Texas billionaire Ross Perot, who died Tuesday at the age of 89, might be best remembered for his independent presidential runs. But perhaps less remembered is how he attracted a following to his nontraditional 1992 campaign before the days of the Internet.
Perot leaned heavily on television at every stage of his campaign and even bought 30-minute blocks of time for what were essentially political infomercials.
Except for the cash needed to buy the airtime, the commercials were low-budget, featuring Perot seated at a desk, speaking directly to the camera, and occasionally displaying cardboard charts. One series included an interviewer who quizzed Perot with friendly questions on his background.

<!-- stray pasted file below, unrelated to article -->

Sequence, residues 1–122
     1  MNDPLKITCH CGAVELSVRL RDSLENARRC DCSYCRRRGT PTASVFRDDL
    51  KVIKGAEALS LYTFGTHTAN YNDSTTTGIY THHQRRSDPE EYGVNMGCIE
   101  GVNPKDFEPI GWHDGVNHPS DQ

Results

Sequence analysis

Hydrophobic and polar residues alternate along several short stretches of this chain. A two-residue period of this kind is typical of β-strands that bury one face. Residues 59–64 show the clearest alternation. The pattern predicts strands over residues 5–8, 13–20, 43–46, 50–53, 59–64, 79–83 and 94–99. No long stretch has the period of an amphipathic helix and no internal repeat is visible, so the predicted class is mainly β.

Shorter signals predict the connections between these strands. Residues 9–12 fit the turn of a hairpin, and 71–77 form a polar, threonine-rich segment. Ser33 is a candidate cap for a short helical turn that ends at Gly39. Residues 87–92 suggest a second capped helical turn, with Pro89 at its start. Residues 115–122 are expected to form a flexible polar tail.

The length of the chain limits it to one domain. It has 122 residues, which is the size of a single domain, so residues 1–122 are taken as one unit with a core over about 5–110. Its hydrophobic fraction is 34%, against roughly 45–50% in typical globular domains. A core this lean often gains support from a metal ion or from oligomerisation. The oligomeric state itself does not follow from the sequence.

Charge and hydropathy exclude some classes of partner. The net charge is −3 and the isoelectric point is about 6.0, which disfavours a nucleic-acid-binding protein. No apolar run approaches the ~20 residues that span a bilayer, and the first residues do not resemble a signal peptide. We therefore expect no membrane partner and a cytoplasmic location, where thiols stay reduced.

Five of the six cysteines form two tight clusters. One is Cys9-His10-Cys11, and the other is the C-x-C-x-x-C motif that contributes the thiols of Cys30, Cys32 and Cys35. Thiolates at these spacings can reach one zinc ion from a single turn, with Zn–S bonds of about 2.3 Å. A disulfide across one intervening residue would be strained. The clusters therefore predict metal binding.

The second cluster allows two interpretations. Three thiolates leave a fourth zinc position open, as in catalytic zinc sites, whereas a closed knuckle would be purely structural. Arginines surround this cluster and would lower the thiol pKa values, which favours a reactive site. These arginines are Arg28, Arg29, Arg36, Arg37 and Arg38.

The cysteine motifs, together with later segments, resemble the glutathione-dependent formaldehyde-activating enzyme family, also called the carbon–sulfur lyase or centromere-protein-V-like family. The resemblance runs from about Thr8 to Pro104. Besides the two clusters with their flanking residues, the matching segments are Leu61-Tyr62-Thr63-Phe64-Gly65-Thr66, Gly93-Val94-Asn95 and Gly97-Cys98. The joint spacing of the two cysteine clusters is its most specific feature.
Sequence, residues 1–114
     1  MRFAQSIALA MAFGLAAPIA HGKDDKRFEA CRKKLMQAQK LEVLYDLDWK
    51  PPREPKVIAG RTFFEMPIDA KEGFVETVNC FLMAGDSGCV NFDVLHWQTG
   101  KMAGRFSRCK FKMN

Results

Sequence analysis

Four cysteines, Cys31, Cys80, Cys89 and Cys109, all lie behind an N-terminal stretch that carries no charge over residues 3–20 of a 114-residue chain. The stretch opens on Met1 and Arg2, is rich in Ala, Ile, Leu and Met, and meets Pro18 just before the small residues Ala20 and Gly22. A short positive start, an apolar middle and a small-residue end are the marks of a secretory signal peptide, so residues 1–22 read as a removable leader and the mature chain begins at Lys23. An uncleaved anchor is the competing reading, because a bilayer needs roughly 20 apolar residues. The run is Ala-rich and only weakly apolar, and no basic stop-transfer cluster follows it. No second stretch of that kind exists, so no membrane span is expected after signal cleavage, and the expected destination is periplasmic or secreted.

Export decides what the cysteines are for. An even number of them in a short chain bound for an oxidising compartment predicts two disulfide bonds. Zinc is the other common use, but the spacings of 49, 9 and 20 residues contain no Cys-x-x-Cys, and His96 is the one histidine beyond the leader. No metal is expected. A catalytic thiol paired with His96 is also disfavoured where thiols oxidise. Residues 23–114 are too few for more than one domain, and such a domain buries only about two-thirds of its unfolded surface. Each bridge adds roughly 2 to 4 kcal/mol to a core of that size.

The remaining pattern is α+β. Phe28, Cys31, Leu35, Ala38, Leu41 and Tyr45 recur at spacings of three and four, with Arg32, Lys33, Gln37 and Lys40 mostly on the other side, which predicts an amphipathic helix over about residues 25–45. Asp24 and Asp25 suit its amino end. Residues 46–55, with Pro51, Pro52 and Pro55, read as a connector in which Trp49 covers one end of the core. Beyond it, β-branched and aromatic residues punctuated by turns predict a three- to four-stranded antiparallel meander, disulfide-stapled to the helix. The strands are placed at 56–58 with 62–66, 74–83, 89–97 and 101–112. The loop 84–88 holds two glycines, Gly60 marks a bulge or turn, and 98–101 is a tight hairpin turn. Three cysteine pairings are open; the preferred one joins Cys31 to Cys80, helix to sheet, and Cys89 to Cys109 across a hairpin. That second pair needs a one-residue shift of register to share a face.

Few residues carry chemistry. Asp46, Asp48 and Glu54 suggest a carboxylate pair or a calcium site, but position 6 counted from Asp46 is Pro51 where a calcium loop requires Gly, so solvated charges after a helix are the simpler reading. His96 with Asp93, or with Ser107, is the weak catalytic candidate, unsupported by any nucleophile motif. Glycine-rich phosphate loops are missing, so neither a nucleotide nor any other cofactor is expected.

“As with so many aspects of his campaign, Mr. Perot’s 30-minute commercials seem to defy decades’ worth of political experience,” the New York Times wrote of Perot’s infomercials at the time, as it reported that 16.5 million people tuned in for the first program in October 1992.
See some of the infomercials below.
Balancing the budget and reforming government
A conversation with Ross Perot: Part I
A conversation with Ross Perot: Part II, Business success and leadership
Plain talk about jobs, debt, and the Washington mess